So much can be made of the word "experimental" being tacked on to any subgenre of metal. It doesn't always make it new and exciting, nor is it indicative of what the band is trying to do. What it is, rather, is a way of something that they don't want to be like everyone else. An Autumn For Crippled Children, a melodic black metal band from the Netherlands, is a prime example of how experimentation and creativity can reap huge benefits. Rather than sit back and play generic songs day in and day out, this three pieces has refined their sound, and taken things in a different direction. On "Only The Ocean Knows," their third album in three years, they look to take another step out of the shadows, and into the light; both literally and figuratively.
The lead off track, "Past Tense," is the band at their best. They waste no time building an atmospheric haze around you, through the use of airy guitar chords and a bevy of percussion. The entire sound is bolstered by the fact that they have left the mix slightly rough around the edges, creating peaks and valleys in the production. There is a conflicting set of moods at play here, which only make the track more enjoyable. The air of happiness in the bass line is countered so sharply by the coarse vocals. Even the outro portion, strengthened by a sliding, high pitched guitars and a wild set of double kicks, is well conceived in its contrast. The foundation having been set, tracks like "Yes I Know…Love and Death…Always" are the perfectly evolution for the band, without leaving behind everything you know about their sound. The muddled recording does hurt at times, and the keyboard element that works so well here and there suffers as a result. But for every moment where things become too cloudy, they return to form almost as quickly. With softer moments built in to each piece, you have a constant give and take for light and dark.
Never short on style, tracks like "This Garden These Trees" remind us of how eclectic black metal and bands of that ilk can be. With a strong melody and wandering strings accompanying the always busy drum patterns, you have a marriage of beauty and beast that lingers. This is the delicate side of things, building something that is both imaginative and strong. The same themes run through the haunting intro to "In February," a slow, cold opening to a track that cold fit perfectly into a snow storm. It is the vocals that remain raw here, as the instrumental takes a decidedly more complex and rich tone. Whether it is the constant note that lingers behind it all, or the softly strummed clean chords, there is something deeper going on here. As a result, you get something that may sit atop their catalog. Completing a strong trio of songs, the title track is equally as impressive. Keyboards star here, setting a mood that may actually induce a sway out of you. In that signature light and shadow way, they manage to take an instrumental that might warrant a lighter or two, and pair it with a vocal that sounds as though it was retrieved from the pits of hell. This melodic take on black metal suits them well, especially with subtle electronic touches scattered in the latter stages.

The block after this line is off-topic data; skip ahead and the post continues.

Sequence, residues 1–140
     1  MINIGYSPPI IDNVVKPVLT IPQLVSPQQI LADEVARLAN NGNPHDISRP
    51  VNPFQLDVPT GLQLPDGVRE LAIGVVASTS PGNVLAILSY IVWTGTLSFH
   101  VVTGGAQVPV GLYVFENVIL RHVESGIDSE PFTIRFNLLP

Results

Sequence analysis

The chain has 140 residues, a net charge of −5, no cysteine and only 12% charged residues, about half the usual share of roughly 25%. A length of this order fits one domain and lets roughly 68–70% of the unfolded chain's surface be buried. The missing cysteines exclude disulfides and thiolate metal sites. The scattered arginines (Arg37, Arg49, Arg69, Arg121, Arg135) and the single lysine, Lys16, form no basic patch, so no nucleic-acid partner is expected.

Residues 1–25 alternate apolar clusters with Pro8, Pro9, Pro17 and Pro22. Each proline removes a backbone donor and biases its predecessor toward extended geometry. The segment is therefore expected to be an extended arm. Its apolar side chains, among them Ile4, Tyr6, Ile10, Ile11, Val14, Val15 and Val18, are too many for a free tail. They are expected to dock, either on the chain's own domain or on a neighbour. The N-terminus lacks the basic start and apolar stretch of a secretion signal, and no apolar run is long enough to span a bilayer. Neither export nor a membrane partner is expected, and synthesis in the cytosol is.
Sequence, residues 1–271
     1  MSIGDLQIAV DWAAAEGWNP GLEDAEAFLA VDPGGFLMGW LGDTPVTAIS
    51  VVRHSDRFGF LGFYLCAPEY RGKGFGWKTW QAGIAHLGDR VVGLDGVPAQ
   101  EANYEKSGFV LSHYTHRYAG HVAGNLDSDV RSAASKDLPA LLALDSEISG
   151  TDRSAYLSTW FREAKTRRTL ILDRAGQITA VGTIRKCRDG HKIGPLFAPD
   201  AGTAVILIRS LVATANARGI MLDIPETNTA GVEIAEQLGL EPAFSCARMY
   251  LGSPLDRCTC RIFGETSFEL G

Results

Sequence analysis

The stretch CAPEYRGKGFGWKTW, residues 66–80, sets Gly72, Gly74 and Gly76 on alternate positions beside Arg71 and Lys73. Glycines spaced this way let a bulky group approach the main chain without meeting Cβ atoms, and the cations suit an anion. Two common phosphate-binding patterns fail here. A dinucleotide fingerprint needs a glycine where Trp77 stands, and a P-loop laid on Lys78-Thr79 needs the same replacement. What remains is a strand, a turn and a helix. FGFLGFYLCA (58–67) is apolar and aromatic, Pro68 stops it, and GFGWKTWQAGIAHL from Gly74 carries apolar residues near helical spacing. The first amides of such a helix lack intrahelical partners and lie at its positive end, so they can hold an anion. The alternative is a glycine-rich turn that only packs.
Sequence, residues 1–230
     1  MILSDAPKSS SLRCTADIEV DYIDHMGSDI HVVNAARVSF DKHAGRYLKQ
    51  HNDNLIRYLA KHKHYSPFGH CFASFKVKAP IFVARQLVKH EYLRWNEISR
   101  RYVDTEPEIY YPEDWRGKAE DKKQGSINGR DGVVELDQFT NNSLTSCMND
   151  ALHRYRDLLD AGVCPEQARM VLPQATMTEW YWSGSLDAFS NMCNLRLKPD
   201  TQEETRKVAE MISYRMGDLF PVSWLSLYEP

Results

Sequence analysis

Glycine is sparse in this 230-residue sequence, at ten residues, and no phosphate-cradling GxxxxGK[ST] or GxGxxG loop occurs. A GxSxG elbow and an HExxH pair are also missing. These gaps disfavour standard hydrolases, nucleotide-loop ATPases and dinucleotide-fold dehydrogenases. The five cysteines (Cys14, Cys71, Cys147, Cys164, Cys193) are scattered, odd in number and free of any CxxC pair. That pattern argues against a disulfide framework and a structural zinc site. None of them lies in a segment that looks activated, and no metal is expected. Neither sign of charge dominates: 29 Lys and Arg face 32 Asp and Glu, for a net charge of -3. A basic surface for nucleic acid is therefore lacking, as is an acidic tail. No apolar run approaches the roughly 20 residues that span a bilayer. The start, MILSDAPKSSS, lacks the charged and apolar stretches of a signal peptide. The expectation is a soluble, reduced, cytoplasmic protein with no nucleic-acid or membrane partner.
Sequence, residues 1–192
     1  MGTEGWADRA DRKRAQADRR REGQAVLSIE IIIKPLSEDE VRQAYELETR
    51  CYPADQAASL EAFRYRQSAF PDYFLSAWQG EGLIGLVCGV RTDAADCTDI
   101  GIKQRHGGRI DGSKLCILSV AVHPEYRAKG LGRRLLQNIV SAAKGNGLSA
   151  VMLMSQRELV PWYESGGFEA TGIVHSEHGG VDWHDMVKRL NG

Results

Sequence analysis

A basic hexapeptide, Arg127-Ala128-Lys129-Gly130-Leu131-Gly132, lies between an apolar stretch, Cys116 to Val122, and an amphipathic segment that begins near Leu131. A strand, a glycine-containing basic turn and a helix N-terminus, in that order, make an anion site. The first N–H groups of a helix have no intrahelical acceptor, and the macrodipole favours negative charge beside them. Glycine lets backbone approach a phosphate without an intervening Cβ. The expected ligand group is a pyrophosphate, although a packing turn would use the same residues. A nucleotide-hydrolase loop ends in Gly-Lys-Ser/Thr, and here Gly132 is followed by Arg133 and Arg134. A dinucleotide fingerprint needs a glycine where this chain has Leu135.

If the weather outside of your window mirrors "The First Snow This Year," you should consider yourself lucky. It is staggering how perfectly the band has captured that event in sonic form. It is an effort that deserves a visual companion; one that is elevated by that element. It's as if you can separate the two pieces, vocal and musical, into two distinct elements of the storm. The light guitars and pattering of drums are the snowflakes, falling gently in the wind. The vocal, harsh and raspy, as the chilling wind that blows. With a much more clean approach, "Uncureable" is probably the most exciting track on the album for most metal fans. The tempo has increased, thanks to some intricate played drums, and the light and dark have come together to form a shaded area. It would be like taking the art rock styles of dredg, and infusing Burzum vocals into it all. For a more trippy effect, take the five minute finale, "The Rising Tide." With the synthesizers taking a more front and center role, their effect is felt early and often. Their power can be felt in each movement of the song, coating the entire mix with something more sublime than before.
Watching the evolution of a band over the course of their career is something more people should appreciate, rather than condemn. With this, their third album in three years, An Autumn For Crippled Children have taken the next logical step in their development. By adding in that extra layer of melody, whether through the use of electronics, keyboards, or just simple guitar notes, they have reinforced everything that makes them strong. This is the same band that we heard on "Lost" and "Everything," but with a sense of maturity and intelligence that has developed along with them. In a genre crowded with people doing the same old thing, it is nice to see a band stepping out of that mold and giving us all a taste of where they've been, and where they are going. I suppose "Only The Ocean Knows" is where we go from here.
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